Indications for therapeutic and donor apheresis continue to increase and expand into new domains of therapy. The level and amount of apheresis education in residency programs remains heterogeneous, which may translate into varying degrees of clinical confidence in providing care. The purpose of this study was to assess Canadian clinicians' perceptions of their apheresis training in order to help demonstrate a need for a concrete apheresis education in residency curricula. A 22-question survey was distributed to Canadian graduates who recently completed training (2013-2017) in the following specialties: hematology, nephrology, transfusion medicine, and hematologic pathology. Questions regarding clinician perception of their training were asked using a Likert scale. Fifty-seven survey responses (32% response rate) were obtained from recent graduates from hematology (29/57, 51%), nephrology (21/57, 37%), hematologic pathology (4/57, 7%) and transfusion medicine (3/57, 5%). Although most respondents (68%) received some form of apheresis exposure during residency, only 23% reported a formal apheresis rotation. Only 40% felt that the amount of time devoted to apheresis education was sufficient, and only four respondents (7%) felt confident providing independent apheresis care at the end of training. Overall, these findings suggest that a common, dedicated apheresis curriculum in these training programs could possibly increase knowledge and competence of trainees, and provide a more solid foundation in apheresis for future practice.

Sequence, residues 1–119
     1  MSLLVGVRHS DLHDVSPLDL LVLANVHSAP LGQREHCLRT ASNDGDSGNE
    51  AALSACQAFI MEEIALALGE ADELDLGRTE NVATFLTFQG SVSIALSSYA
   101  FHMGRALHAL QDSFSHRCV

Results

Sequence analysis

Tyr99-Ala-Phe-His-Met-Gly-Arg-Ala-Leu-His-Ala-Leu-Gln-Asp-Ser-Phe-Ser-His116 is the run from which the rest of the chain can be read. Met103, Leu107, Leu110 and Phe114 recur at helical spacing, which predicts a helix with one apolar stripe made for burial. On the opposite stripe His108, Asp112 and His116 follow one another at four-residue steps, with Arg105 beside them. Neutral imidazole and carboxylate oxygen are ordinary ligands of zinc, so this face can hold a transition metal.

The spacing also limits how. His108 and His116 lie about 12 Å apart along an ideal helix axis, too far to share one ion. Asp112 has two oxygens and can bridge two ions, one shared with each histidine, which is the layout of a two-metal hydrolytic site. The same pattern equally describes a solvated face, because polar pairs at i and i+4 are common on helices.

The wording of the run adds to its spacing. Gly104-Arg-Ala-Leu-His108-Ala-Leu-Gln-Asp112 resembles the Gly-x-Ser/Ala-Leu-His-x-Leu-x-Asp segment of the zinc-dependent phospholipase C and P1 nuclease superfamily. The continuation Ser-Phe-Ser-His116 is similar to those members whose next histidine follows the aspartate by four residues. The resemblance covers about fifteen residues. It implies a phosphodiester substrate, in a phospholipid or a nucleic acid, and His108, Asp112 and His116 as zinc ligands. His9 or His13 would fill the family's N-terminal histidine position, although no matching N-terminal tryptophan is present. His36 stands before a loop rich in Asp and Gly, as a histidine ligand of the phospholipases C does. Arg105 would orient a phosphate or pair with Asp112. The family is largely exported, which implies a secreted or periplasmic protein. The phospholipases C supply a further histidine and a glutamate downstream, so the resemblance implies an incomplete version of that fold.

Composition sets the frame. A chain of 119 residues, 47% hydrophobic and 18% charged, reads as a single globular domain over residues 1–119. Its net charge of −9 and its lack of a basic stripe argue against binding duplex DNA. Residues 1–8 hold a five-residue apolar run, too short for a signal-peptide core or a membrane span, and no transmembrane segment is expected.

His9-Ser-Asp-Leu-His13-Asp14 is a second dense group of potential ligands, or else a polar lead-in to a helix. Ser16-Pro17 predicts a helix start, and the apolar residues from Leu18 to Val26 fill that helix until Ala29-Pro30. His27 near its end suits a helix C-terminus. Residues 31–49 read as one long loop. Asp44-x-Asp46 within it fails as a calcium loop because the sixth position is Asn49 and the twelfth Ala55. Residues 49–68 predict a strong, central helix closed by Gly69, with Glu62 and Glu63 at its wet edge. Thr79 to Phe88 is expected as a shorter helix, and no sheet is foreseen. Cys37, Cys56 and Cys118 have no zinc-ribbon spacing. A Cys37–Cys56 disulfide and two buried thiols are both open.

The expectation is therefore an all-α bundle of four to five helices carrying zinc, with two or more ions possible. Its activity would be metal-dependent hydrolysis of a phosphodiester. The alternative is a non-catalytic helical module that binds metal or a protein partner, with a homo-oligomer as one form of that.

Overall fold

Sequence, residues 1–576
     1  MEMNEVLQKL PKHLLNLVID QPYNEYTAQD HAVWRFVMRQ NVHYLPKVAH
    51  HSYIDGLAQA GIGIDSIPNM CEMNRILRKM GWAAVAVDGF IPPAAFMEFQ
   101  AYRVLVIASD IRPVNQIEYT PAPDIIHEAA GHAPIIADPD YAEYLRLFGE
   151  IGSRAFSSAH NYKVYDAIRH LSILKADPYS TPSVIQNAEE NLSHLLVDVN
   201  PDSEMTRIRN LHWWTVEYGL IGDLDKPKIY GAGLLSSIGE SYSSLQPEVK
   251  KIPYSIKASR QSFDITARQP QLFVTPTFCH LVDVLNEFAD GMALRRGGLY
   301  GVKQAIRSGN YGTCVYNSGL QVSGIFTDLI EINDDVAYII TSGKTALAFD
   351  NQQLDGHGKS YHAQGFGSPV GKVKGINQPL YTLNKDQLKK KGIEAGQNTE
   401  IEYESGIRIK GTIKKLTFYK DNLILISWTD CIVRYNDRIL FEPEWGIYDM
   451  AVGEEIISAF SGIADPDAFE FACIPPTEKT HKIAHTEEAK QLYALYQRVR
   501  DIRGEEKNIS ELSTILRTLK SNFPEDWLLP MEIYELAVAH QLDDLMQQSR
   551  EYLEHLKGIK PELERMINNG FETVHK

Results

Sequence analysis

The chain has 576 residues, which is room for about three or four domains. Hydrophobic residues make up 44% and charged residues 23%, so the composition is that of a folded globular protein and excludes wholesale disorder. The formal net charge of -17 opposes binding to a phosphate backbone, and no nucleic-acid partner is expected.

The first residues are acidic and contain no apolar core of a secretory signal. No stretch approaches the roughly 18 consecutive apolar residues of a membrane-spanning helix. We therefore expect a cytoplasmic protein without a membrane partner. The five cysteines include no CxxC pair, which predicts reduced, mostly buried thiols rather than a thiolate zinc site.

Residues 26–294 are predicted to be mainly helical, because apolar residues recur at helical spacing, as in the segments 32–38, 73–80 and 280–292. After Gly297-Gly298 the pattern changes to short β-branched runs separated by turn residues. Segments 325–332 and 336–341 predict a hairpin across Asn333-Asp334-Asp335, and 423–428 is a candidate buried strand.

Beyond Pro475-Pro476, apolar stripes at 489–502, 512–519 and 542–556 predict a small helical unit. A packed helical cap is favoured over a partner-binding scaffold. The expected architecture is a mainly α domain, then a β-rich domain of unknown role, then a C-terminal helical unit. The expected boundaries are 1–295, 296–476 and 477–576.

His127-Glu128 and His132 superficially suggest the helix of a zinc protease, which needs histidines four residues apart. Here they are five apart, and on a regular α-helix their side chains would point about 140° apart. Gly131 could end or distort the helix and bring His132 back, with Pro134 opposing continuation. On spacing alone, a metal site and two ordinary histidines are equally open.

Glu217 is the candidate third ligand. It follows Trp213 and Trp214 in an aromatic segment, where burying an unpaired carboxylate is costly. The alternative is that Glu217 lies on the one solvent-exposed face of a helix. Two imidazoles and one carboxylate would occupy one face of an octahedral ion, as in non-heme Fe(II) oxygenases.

Keywords: Apheresis Curriculum Education Residency Survey